Two-Card Monte: Why Mastercard And Visa Rarely Shut Down Scammers Who Are Ripping Off Consumers
Paul Paolucci, the top cop for one of the world’s biggest credit card companies, sure had some interesting friends.
One made a fortune fronting for pornography websites that needed access to Mastercard’s and Visa’s payment networks. Paolucci, who oversaw Mastercard’s merchant fraud control, was photographed cavorting around the Las Vegas Hard Rock Hotel with him and a group of women in white corset minidresses.
A second was a Lamborghini-driving e-commerce mogul with whom Paolucci used to celebrate family holidays. The mogul ended up in prison for a financial crime he committed, in part, using Mastercard’s network.
An executive at a famously corrupt European bank claimed to have dined with Paolucci and gotten his help evading Mastercard’s regulations.
It was Paolucci’s job to make sure that the banks and companies using Mastercard’s network were playing by the rules. He bent those rules himself by getting close to the very kinds of high-risk businesses he was supposed to be watching like a hawk — so close, in fact, that they sometimes seemed to be working together. Eventually, one of those friendships led him to break the rules entirely, and it cost him his job. But though Paolucci crossed a line, for Mastercard — and its global rival, Visa — a permissive relationship with fraudulent, exploitative, or in some cases even criminal enterprises is no exception. It’s the norm.
A yearlong BuzzFeed News investigation reveals that both Mastercard and Visa, which together process three-quarters of all US credit card payments, move money for businesses with extensive records of fraud — making it possible for them to keep swindling customers, sometimes for years. The credit card giants collect a percentage of every sale, legitimate or not.
BuzzFeed News’ review, based on tens of thousands of pages of court records, confidential investigative reports, secret recordings, internal company records, and more than 120 interviews, shows how Mastercard and Visa continue to accommodate thousands of businesses that have been flagged for issues including lying to customers, lying to banks, and breaking the law.
As credit cards have become an essential part of global commerce, they have also become a common tool for fraud, with scammers on every continent using the card networks to sell fake miracle cures, multilevel marketing schemes, bogus educational opportunities, and pump-and-dump investment scams on a massive scale.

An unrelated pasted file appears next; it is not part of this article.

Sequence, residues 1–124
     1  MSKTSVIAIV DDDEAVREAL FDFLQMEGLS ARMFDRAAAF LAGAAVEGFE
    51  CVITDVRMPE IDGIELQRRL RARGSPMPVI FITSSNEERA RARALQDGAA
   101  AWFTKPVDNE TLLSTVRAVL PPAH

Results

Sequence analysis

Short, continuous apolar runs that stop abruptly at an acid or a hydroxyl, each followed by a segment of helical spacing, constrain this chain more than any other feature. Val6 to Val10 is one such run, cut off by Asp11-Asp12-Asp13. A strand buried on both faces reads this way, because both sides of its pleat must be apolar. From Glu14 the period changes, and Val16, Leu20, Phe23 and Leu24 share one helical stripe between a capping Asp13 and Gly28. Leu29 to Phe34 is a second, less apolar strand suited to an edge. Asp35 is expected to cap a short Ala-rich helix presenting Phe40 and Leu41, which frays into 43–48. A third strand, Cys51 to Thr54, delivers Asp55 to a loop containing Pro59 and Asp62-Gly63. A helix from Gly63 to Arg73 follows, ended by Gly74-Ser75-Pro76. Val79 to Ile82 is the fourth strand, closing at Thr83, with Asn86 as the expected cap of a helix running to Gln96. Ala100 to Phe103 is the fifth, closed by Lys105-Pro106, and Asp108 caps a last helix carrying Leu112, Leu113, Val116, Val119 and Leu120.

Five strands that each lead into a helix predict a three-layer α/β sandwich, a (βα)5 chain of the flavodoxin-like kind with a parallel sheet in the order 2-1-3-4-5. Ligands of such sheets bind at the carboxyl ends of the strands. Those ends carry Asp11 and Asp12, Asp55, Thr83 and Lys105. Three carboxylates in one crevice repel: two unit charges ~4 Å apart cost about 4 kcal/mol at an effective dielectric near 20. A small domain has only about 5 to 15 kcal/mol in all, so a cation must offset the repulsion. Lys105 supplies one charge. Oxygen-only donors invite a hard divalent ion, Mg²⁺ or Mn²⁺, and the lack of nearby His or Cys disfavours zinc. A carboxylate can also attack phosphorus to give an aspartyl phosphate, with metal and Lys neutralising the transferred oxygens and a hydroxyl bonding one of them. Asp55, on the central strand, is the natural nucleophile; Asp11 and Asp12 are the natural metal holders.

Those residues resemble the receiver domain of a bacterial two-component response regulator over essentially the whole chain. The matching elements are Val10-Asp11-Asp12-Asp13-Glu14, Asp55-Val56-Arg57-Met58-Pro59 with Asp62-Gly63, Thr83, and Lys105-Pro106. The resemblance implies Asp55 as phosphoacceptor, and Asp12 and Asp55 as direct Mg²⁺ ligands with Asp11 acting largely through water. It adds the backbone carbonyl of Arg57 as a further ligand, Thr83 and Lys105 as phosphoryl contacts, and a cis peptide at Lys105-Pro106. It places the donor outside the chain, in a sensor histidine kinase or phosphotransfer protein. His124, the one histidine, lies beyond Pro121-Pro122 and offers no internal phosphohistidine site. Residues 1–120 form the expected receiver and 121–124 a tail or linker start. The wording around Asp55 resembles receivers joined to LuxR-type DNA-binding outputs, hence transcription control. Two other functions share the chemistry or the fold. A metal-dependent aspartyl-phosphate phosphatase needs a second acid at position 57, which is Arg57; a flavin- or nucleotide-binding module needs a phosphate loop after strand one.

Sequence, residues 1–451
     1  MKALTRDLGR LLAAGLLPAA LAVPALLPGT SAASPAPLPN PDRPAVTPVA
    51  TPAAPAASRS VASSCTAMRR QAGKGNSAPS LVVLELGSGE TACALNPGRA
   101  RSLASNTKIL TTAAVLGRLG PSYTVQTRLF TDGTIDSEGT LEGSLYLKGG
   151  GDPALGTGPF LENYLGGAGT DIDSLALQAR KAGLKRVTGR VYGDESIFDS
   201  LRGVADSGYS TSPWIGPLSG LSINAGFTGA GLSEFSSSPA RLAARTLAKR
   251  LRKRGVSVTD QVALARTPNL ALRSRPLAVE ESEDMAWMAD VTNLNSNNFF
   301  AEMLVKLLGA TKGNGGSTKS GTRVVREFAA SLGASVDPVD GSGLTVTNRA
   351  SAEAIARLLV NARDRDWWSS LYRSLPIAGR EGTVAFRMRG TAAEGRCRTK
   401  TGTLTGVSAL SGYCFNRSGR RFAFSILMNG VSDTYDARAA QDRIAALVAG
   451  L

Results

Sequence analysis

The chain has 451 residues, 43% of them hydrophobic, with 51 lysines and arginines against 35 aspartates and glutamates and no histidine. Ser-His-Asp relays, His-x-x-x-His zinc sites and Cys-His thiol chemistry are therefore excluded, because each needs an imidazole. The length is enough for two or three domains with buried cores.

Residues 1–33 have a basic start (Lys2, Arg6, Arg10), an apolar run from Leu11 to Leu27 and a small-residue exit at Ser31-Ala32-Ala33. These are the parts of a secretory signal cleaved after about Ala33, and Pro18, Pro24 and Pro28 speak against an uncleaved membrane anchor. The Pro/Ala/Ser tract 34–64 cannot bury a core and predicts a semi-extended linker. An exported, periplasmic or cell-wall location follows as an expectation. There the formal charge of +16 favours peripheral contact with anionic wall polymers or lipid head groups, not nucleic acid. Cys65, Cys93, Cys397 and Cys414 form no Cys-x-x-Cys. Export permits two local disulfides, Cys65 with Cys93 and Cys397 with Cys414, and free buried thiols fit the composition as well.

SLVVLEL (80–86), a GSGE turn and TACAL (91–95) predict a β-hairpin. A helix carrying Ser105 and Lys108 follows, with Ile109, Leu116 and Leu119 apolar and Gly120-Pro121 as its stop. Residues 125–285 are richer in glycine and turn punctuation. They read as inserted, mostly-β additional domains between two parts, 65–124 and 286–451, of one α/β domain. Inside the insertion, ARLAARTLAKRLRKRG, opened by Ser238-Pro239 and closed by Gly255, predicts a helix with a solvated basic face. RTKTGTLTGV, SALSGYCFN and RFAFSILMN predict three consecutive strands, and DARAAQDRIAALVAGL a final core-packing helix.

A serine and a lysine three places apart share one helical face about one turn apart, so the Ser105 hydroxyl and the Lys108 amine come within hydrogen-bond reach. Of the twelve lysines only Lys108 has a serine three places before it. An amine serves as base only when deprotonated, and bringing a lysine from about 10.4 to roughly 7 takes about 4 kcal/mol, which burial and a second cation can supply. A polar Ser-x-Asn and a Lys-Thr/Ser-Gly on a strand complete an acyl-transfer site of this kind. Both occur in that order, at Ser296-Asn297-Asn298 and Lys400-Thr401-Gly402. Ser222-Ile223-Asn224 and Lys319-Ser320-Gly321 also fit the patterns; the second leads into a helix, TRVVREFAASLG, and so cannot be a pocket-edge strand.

Both credit card giants have the prerogative to kick scammers off their grids, effectively blocking them from a huge share of potential customers. Mastercard even maintains an extensive database of companies that have gotten in trouble at other financial institutions. Yet both companies say that locking out crooks and other bad actors simply isn’t their job. A Visa executive testified that the card company doesn’t think it’s worthwhile, since it would be possible to circumvent. Mastercard has locked companies out on occasion, but typically after intense public scrutiny.
The card companies also have the prerogative to cut off banks that handle fraudulent transactions, but they almost never choose to do so. Mastercard told BuzzFeed News it “does levy financial penalties and has suspended or terminated the license” of banks “based on specific incidents.” It declined to say what they were. As for those fines, the banks typically pass them along to the offending companies, which may simply shrug them off as a cost of doing business.
And the public isn’t warned about any of it.
This might come as a surprise to anyone who has received a notice about a suspicious credit card transaction, perhaps a charge made in a city one has never been to. Those notifications, and the assurance that the cardholder is not on the hook, burnish the card companies’ reputation as tireless watchdogs, committed to protecting consumers. Mastercard and Visa promise customers “zero liability.”
In fact, those card companies have no liability. When consumers get scammed, it’s a bank that has to pay them back. Mastercard and Visa — unlike its competitors American Express and Discover, which operate on a different model — suffer no consequences. They have no direct financial incentive to stop fraud, and they bear no responsibility when it continues under their banner.